Lino DiSalvo on Acting & Animation

The buzz of yesterday’s activity continued into the evening with a VFS-hosted, student-only presentation from Lino DiSalvo — a 3D Animation & Visual Effects grad who now works as a Supervising Animator at Walt Disney Animation Studios on such features as Tangled and Bolt.

Lino began by having a little fun and played a clip from Bolt, where his New Yorker accent is on display as “Vinnie” the pigeon. He then jumped into a presentation heavily focused on how solid acting instincts help animators create better work.

The Workflow

For a studio animator, it all starts with the storyboards: “To me, storyboards are the soul of the film.”

At Walt Disney Animation Studios, animators are issued a chunk of work and have a tight time frame to turn everything around. But Lino still gives himself a day to explore his creative choices and consider the best approach to animating his assigned scene.

Whenever he animates a character, he always tries to act it out first – relying heavily on the advice from his wife (a professional actor). He screened some clips of these “home recordings” he makes in his office, mouthing out the dialogue and flailing his arms. It may sound funny – and it is – but when Lino takes this footage to the film’s director, everyone has a much clearer idea of what will be on the screen, and Lino’s first passes at blocking his character’s actions will be even closer to what he’s being asked for.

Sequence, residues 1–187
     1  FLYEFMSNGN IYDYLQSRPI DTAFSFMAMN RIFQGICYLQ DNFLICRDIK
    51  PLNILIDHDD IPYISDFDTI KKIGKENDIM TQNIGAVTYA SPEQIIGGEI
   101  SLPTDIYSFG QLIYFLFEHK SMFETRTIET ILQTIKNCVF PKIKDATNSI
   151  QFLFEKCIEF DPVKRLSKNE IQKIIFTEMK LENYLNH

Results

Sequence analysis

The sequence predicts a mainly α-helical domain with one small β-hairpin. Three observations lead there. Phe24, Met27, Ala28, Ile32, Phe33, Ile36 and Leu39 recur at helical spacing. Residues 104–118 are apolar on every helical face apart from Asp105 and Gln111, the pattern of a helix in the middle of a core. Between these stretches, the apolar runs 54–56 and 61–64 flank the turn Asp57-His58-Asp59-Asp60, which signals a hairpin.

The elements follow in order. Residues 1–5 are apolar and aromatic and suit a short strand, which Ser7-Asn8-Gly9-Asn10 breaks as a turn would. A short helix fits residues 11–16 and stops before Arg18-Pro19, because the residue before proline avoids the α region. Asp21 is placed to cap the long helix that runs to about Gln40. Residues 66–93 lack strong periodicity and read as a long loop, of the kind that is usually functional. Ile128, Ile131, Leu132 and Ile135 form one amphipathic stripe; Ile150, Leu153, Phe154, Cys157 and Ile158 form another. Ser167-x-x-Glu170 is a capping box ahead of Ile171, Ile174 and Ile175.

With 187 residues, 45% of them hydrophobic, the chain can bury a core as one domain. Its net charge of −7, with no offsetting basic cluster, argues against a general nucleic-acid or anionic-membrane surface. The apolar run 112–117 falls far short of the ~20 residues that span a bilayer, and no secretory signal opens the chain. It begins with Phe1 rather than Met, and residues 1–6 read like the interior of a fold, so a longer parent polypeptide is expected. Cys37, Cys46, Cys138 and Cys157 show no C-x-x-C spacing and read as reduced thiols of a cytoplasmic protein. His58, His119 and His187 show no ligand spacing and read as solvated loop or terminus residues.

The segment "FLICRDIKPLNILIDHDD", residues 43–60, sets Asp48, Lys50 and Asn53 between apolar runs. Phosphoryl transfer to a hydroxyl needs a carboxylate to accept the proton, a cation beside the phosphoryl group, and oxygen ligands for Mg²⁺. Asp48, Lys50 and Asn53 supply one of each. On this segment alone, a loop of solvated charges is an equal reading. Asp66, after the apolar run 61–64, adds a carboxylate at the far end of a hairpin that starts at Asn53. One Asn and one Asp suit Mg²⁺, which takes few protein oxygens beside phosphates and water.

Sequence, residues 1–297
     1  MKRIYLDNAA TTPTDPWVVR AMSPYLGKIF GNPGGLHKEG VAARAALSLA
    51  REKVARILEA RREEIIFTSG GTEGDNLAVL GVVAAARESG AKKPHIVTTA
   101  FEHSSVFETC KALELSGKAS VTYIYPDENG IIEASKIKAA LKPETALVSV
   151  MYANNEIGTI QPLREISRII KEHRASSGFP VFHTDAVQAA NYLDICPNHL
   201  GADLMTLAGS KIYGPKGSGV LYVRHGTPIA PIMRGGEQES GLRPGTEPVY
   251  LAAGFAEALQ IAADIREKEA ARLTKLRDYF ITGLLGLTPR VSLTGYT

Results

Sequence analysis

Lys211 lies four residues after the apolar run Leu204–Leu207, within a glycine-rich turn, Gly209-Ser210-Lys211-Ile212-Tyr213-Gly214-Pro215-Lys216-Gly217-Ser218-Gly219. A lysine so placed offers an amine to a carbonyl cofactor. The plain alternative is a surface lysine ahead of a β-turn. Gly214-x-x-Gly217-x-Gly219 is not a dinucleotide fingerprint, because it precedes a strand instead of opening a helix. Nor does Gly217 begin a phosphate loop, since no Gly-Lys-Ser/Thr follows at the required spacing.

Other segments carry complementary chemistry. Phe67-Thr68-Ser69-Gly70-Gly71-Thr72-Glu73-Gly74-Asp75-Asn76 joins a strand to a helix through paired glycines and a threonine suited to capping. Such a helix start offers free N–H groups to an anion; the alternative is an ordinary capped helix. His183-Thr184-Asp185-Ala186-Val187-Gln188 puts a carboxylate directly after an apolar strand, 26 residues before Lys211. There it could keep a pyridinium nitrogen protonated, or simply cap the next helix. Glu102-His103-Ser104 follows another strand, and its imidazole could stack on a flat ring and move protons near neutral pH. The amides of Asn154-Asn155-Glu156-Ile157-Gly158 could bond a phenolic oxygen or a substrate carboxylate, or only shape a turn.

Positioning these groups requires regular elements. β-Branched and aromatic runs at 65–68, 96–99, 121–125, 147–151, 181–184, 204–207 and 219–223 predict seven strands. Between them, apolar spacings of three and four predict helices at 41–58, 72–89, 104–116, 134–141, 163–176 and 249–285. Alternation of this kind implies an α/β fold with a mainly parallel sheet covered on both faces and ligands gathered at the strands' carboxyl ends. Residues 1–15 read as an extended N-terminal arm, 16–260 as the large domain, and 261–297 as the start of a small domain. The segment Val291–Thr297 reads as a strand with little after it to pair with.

Play it Cool

From there, he’ll get a ton of critical notes and keep plugging away at his scene. Understanding how to take notes and not get too defensive is key to being successful, he explained to the audience:

“When you guys get gigs at studios, you’re going to get your stuff ripped apart… Do not fall in love with anything you do.”

Instead, he suggests you find unique ways to surprise others with fresh choices while staying close to the intent of the original storyboards. Subtext, he says, is everything: What is a character thinking? Where are they going? How might their body language complement or contradict what they’re saying? Lino loves seeing this quality in student reels.

Sneak Peek

Lino wrapped up by giving students a very special look at his newest work on ABC’s Prep & Landing, which you won’t be able to see until Christmas. He mentioned that it was likely the first time this footage was screened anywhere in the world outside of Disney. All we can say is that it was awesome!

Many thanks to Lino for his time — and to all the Animation & Visual Effects students for their great questions!

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